How to Design GPU Chips
Chapter 1 Introduction to Gpu Chip Design

Chapter 1: Introduction to GPU Chip Design

What are GPUs and how do they differ from CPUs

Graphics Processing Units (GPUs) are specialized electronic circuits designed to rapidly manipulate and alter memory to accelerate the creation of images in a frame buffer intended for output to a display device. GPUs were originally developed to offload 2D and 3D graphics rendering from the CPU, enabling much higher performance for graphics-intensive applications like video games.

While CPUs are designed for general-purpose computing and feature complex control logic to support a wide variety of programs, GPUs have a highly parallel architecture consisting of thousands of smaller, more efficient cores designed for handling multiple tasks simultaneously. This makes them ideal for graphics rendering, where large blocks of data can be processed in parallel.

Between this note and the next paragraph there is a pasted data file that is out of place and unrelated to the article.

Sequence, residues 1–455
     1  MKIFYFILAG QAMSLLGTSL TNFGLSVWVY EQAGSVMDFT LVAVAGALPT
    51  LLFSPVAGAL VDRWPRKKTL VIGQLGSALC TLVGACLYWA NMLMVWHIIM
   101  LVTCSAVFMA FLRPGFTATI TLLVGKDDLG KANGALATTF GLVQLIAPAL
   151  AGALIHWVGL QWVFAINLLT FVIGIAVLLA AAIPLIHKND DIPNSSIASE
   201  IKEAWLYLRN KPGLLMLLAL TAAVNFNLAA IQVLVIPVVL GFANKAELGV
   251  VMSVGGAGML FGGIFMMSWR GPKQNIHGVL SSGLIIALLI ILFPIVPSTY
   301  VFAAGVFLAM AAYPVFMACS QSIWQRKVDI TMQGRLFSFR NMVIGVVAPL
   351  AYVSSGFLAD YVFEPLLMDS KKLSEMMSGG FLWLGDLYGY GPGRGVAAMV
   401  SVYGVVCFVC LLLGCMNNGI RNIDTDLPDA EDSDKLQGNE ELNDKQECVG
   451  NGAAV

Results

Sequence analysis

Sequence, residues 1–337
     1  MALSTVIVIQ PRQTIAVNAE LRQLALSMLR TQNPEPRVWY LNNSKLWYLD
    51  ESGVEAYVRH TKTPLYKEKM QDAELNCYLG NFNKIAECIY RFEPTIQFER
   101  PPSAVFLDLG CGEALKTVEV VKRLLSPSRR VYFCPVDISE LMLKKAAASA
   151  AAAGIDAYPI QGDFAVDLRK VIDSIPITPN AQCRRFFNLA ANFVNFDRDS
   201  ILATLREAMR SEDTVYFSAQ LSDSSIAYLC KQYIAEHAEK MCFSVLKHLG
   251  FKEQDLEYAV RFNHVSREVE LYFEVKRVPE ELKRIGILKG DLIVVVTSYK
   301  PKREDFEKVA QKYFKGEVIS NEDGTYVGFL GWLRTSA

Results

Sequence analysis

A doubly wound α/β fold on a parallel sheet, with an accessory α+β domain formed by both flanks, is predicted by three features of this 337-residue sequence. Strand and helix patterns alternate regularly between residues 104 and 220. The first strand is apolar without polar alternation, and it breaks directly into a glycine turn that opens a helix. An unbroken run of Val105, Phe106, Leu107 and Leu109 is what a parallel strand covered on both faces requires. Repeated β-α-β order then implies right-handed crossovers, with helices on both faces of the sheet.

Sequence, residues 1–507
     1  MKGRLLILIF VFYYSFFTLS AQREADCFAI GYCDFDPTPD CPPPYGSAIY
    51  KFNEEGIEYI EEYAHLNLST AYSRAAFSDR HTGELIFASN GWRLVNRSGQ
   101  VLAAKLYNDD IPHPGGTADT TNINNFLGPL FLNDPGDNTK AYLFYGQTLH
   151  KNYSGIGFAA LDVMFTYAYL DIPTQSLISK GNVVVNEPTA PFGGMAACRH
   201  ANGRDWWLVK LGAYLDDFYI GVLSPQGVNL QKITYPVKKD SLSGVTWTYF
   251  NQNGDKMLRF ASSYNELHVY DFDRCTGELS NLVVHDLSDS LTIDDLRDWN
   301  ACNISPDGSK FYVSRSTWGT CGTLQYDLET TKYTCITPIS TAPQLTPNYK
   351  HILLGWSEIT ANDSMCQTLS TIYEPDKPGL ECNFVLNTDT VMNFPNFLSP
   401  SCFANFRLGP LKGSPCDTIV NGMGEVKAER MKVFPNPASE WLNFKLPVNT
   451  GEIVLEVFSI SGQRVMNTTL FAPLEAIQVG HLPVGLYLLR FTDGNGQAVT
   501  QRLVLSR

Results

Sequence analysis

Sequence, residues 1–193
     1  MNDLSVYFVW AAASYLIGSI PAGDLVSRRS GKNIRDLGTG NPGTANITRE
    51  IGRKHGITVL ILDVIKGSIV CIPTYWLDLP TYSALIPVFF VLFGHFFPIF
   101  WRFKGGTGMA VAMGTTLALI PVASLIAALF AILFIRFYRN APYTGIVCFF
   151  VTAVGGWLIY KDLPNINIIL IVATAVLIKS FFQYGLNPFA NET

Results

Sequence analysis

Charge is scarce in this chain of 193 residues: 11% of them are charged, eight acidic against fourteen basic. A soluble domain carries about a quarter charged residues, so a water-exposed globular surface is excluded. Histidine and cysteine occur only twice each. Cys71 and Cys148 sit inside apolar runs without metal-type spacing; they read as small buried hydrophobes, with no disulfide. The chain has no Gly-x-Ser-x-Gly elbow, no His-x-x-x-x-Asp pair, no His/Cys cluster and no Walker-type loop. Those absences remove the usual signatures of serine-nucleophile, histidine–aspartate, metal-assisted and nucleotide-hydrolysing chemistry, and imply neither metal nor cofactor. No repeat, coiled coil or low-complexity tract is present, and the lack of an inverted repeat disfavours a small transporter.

Key architectural differences between CPUs and GPUs include:

  • Core count: GPUs have a large number of small cores (hundreds to thousands), while CPUs have a few large, powerful cores (2-64).
  • Cache hierarchy: CPUs have large caches to reduce latency, while GPUs have smaller caches and rely more on high bandwidth to compensate for latency.
  • Control logic: CPUs have complex branch prediction and out-of-order execution capabilities. GPUs have much simpler control logic.
  • Instruction set: CPUs support a wide variety of instructions for general-purpose computing. GPU instruction sets are more limited and optimized for graphics.
  • Memory bandwidth: GPUs have very high memory bandwidth (up to 1 TB/s) to feed their many cores. CPUs have lower bandwidth (50-100 GB/s).
  • Floating-point performance: GPUs are capable of much higher floating-point performance, making them suitable for HPC and AI workloads.